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As a language and literature person, I have taken for granted the ability to infer from text something deeper. My son, Will, is not this way. I have struggled to pull out of him thoughts about deeper bits from characters' lives, thoughts, and emotions.

He prefers omniscient narrations in stories because everything is given. He doesn't have to think about extras that aren't obvious. We can't just skate by in life with only the information in front of us, though. We must learn to read between the lines and put ourselves in others' shoes. I often ask him how he would think, feel, and act were he in the position the characters are. He has a vivid imagination, so he does ok. Sometimes the situations are so different from what he has experienced, or he can't relate. So we have to get a little creative.

We discuss what the characters did in the story. Facts. It is all right there. To infer, we must address the why. We talk about many possible reasons for different actions. We talk in context of the book or movie, and in regard to real life. "Why did you get more water?" "Because you were thirsty". "Why did that character crash onto the ground and sleep for 10 hours?" "Because he had just hiked 18 miles over rough terrain without a break." Sometimes, the why is obvious. Others why is hidden. "Why did she turn around and leave the house before even going inside?" In these instances, we must examine what else is going on behind the scenes. Who lives in the house? Did the house change in some way? Did she realize she had forgotten her key, or something else? Did she see something she didn't like? Most of the questions will be answered in the text you read prior, or will read soon. Jot down the curiosity. Don't forget you wondered. Look back through the pages, and ahead a bit to see what else is going on with, around, in the house and girl.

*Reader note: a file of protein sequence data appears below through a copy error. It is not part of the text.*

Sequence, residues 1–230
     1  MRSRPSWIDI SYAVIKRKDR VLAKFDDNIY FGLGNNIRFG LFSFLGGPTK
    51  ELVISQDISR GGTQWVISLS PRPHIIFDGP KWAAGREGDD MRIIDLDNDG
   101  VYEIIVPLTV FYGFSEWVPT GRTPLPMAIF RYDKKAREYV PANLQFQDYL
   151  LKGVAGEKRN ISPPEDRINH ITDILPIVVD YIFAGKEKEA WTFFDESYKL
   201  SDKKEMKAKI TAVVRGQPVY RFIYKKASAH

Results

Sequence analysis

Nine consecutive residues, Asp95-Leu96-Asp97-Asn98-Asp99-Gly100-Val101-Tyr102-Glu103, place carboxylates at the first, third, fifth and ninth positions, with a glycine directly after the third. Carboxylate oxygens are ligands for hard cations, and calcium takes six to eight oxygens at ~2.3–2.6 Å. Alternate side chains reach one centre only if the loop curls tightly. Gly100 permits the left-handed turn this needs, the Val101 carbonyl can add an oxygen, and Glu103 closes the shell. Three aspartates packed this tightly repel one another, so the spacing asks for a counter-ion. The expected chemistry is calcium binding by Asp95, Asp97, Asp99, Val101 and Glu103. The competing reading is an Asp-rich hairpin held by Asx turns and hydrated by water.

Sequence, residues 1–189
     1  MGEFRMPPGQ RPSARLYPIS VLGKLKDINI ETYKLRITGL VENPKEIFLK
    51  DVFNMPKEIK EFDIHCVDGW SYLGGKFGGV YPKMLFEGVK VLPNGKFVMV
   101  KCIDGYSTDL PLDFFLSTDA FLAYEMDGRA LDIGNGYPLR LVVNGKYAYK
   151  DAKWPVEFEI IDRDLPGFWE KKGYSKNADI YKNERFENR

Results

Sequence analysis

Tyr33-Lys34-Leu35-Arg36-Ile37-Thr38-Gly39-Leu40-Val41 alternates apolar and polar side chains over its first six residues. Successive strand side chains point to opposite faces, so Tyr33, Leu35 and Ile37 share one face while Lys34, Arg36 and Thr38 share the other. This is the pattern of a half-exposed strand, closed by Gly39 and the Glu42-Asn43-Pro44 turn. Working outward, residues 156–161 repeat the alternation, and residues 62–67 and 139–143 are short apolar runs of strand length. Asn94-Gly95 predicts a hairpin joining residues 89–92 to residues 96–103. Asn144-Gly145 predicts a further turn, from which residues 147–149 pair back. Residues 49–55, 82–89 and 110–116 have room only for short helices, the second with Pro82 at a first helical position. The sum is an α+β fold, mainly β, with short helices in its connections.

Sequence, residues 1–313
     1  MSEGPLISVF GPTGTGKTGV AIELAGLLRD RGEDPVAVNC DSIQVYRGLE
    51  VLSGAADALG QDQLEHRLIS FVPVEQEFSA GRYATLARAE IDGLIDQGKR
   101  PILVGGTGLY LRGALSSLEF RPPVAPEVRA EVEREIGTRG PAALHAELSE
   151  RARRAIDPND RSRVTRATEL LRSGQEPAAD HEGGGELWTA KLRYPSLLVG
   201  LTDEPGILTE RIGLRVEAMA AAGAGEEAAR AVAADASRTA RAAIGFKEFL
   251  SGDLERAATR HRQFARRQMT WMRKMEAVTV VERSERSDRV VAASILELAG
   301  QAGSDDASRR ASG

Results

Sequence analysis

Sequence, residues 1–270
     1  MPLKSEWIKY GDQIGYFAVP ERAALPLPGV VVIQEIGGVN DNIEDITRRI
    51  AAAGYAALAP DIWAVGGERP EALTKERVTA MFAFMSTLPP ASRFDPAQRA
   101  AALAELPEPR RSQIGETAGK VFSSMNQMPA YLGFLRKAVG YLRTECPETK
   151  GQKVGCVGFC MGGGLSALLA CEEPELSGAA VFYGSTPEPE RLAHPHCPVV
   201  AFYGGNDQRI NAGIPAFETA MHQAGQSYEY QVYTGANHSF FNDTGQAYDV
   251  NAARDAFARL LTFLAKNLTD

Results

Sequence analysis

Practicing this daily with real world occurrences, and in stories will help strengthen the skill in general. Inferring is not something that comes naturally to all of us. Those with autism will likely struggle with it more. There is hope and help, though. Practice makes progress. Here is a site with more information and exercises for practice.

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